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Clustering's new alternative

Posted by johnreynolds on April 14, 2005 at 5:44 PM PDT

The current approach for scaling J2EE applications is to
cluster application servers. Some really good work has been done
and clustering has improved to the point where it's a basic
commodity. Even “free” products such as JBoss and JOnAS
offer complete solutions that include clustered caches to keep
servers in sync. The process of setting up and deploying applications
across J2EE clusters isn't standardized across vendors, but we really
don't mind mastering the details.


Azul's
“JVM appliance”
is a totally different approach at
dealing with JVM scalability: . Azul replaces the JVM on a server
with a proxy that redirects processing to a specialized grid of “JVM
tuned” processors. As the processing and memory needs of the
system increase, you add processors and memory to the “JVM
appliance”. The application is completely ignorant that the
“JVM appliance” exists, so presumably the application's
design can ignore many scalability issues.


Azul's “appliance” approach to JVM scalability is
intriguing, but what leaps out at me is the realization that we may
be in for another big shift in how we write and deploy applications. With Azul's approach and technologies
on the horizon such as Sun's
Multi-Tasking Virtual Machine
, 10
Gigabit Ethernet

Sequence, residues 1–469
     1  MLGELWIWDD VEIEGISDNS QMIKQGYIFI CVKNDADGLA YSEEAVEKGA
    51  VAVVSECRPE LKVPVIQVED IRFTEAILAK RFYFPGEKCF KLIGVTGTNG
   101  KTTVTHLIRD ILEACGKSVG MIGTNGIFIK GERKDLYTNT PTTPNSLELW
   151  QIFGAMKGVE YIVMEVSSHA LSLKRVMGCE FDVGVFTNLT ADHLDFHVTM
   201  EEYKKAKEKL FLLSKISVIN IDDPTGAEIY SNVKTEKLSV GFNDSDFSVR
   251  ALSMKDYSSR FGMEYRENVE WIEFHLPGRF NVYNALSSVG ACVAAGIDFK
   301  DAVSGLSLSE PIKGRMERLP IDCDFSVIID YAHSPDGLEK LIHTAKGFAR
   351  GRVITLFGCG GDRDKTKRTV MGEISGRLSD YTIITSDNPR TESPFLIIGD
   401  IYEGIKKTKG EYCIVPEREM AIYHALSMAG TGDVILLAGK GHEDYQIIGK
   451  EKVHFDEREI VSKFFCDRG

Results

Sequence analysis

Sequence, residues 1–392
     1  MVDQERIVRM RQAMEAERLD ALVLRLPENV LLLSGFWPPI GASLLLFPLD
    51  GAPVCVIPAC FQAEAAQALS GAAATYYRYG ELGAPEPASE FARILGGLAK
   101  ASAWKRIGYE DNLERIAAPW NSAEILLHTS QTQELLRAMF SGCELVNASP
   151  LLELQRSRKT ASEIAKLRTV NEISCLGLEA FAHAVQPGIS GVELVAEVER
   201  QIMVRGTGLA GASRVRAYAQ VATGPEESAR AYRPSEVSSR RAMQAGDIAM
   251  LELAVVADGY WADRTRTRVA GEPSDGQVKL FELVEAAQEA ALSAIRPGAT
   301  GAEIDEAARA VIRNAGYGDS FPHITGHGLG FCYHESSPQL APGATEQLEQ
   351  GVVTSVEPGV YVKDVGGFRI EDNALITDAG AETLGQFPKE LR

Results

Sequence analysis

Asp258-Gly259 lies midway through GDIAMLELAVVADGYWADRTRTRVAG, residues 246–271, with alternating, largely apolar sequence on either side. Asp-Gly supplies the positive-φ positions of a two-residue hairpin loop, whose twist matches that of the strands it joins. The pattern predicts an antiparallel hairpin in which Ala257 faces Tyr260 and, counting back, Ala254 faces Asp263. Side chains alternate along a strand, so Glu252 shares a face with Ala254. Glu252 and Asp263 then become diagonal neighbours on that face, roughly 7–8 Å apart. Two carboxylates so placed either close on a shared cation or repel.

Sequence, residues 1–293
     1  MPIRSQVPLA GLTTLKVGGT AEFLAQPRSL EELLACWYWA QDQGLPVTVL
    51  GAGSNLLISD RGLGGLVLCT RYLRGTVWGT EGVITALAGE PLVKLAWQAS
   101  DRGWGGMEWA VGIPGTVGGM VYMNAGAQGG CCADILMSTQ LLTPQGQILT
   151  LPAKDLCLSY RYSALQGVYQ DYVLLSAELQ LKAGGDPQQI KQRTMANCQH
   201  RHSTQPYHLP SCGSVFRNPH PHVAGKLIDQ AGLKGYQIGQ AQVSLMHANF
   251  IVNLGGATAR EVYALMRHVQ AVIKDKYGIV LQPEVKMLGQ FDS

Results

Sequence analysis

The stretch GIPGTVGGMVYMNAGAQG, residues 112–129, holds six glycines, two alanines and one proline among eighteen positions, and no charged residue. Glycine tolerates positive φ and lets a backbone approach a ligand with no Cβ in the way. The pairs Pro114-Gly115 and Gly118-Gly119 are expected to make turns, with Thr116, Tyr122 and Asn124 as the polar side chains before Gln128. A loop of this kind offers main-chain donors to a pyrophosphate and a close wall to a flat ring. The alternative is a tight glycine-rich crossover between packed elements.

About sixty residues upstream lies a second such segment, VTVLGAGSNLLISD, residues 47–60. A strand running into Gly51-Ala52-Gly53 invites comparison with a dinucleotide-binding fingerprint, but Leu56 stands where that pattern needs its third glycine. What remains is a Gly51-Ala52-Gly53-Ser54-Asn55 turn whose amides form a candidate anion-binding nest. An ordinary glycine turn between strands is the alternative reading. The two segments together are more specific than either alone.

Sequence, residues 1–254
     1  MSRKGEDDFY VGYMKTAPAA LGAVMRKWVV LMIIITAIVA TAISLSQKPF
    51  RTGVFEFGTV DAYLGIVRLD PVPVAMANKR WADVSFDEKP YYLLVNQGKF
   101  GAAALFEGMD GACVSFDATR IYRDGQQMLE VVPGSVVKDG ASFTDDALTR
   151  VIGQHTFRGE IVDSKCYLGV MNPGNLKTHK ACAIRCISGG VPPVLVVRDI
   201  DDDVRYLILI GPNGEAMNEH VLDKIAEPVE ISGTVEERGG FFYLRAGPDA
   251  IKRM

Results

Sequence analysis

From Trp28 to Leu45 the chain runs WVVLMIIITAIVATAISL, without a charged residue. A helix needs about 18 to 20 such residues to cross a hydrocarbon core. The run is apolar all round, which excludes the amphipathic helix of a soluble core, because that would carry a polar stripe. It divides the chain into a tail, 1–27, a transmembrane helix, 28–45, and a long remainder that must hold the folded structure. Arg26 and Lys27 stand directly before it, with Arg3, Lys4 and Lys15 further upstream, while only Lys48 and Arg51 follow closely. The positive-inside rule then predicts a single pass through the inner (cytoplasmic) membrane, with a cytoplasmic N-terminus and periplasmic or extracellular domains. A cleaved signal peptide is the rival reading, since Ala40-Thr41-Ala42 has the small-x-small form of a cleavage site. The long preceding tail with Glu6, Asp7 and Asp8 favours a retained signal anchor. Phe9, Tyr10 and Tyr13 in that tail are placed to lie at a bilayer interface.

, Computational
Grids
, et cetera, it seems pretty likely (to me) that our notions of how to scale an application are going to have to change
dramatically.


Take this prediction with a huge grain of salt:


In the future we will
design applications as if they were executing on a machine with
unlimited CPU power and unlimited memory... Tools will figure out how
to map those designs onto the reality of the available network
resources.

Hardware constraints and network latency are never going away, but
they are guaranteed to change. Automating the task of porting an
application from a single “virtual machine” to a network
of servers (or a grid of processing units) is not fantasy... science
fiction maybe, but no laws of physics are violated. It is going to
happen some day
.


Building on David
Rupp's blog entry
on teamwork between humans and computers, I
envision an environment where “the computer” comes up
with options, and humans use insight and experience to make the right
choice. Picture the dialog that you have today with your peers when
mapping business requirements on to your company's IT
infrastructure... Can't you envision an expert system taking part in
that conversation?